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In several of my projects, it is becoming apparent that I need something slightly more powerful than the standard .NET events.

Basically, I want the option of within a message pump, having callbacks (events) raised to specific subscribers when the component they're interested changes.

This could be a specific I/O changing state (e.g. button closing contact) for one project, or a message received from a wireless ethernet for a specific MAC address in another.

My current line of thinking is to use a dictionary, and list of delegates against each address (for this example).

I haven't debugged this yet but is the following along the right lines?

class CustomSubscription
{
    public delegate void DataReceivedHandler(object sender, DataReceivedEventArgs args);

    public class DataReceivedEventArgs : EventArgs
    {
        public byte[] data;
    }

    private readonly Dictionary<int, List<DataReceivedHandler>> _subscribers;

    public CustomSubscription()
    {
        _subscribers = new Dictionary<int, List<DataReceivedHandler>>();
    }

    public void AddSubscriber(int address, DataReceivedHandler callback)
    {
        if (false == _subscribers.ContainsKey(address))
        {
            _subscribers.Add(address, new List<DataReceivedHandler>());
        }
        _subscribers[address].Add(callback);
    }

    public void RemoveSubscriber(int address, DataReceivedHandler callback)
    {
        if (false == _subscribers.ContainsKey(address))
        {
            return;
        }
        if (_subscribers[address].Contains(callback))
        {
            _subscribers[address].Remove(callback);
        }
    }

    public void HandleIncommingData(int address, object sender, byte[] payload)
    {
        if (false == _subscribers.ContainsKey(address))
        {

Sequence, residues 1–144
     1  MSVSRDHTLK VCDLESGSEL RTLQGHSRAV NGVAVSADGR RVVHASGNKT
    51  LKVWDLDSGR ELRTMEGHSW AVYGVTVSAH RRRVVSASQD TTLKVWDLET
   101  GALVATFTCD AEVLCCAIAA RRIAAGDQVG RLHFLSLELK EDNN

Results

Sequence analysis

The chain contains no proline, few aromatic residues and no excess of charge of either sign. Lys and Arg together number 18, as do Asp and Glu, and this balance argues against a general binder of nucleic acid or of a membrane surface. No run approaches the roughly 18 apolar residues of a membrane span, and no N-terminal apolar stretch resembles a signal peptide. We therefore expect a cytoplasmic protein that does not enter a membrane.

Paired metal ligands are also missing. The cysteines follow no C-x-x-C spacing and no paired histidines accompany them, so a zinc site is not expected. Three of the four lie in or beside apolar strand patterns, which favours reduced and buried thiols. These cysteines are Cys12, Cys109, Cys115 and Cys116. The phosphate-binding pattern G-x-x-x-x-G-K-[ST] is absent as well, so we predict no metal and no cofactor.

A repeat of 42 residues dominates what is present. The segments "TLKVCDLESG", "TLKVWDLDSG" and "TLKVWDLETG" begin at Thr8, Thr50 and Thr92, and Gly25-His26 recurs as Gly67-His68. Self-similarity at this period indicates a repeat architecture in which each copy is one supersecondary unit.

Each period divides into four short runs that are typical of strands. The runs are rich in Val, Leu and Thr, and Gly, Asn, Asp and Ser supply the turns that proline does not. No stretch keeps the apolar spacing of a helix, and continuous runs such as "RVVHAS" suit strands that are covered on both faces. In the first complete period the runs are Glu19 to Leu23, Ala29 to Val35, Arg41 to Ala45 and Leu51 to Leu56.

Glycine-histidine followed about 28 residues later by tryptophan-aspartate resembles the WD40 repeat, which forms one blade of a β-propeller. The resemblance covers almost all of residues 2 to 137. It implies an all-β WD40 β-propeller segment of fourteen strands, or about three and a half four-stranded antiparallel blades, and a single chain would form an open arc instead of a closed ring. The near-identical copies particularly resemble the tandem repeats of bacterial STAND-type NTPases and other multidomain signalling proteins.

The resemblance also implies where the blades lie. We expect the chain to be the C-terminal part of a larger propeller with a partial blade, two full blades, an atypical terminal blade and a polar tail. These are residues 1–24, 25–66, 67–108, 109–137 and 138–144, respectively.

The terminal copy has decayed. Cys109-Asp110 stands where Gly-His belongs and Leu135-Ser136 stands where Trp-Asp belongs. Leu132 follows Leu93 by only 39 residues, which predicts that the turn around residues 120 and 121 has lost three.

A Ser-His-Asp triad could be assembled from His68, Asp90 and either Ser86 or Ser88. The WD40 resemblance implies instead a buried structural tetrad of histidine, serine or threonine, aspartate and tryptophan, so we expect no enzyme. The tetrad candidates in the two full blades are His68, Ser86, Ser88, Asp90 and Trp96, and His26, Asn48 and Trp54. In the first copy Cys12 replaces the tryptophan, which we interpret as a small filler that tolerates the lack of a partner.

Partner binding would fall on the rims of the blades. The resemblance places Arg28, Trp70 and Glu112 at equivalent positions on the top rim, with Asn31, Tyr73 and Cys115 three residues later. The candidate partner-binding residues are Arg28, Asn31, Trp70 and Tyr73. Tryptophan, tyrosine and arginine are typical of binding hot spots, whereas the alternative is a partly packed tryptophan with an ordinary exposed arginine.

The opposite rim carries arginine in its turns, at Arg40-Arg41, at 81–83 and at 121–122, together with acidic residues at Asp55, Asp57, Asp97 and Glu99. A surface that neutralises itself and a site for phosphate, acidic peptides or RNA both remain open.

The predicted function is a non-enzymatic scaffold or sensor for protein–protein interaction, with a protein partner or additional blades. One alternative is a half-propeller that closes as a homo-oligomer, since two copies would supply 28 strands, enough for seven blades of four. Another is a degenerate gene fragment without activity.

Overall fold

// Nothing subscribed - take no action
            return;
        }

        // Raise callbacks with all subscribers
        foreach (DataReceivedHandler callback in _subscribers[address])
        {
            callback(sender, new DataReceivedEventArgs
                                 {
                                     data = payload
                                 });
        }
    }
}
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1  
    
Does this not restrict to one subscriber per event type? I want the ability to have several interested parties for one event type (which my snippet allows) –  l33tmike May 14 '13 at 11:17
    
Nope. See the example Messenger<float>.Broadcast("speed changed", speed); Keyword here is the Broadcast –  I4V May 14 '13 at 11:21
    
Ah, had my 'C' hat on and thinking in terms of function pointers (forgetting the chaining that comes with delegates). –  l33tmike May 14 '13 at 11:28

1 Answer 1

Looks like you are trying to implement an event aggregator pattern. There are plenty implementations already on the web. You can start from here, for example: Event Aggregator Implementation Sample / Best Practices

share|improve this answer
    
Some good examples there (and knowing what the 'official' name helps when googling!). The link to CSharpMessanger_Extended that I4V linked to is closer to what I'm trying to achieve though. –  l33tmike May 14 '13 at 11:51
    
@l33tmike sure, pick the implementation which suits your needs and go off it. Using one, which does not use strongly typed messages, though, (while it normally involeves less coding) might turn into hell, when it comes to debugging a large application. Choose wisely :) –  Nikita Brizhak May 14 '13 at 12:35
    
yeah, I'll probably go along with a homebrew - I don't need a fully abstracted aggregator but have adapted to use generics and object locking the code I posted originally. –  l33tmike May 14 '13 at 13:54

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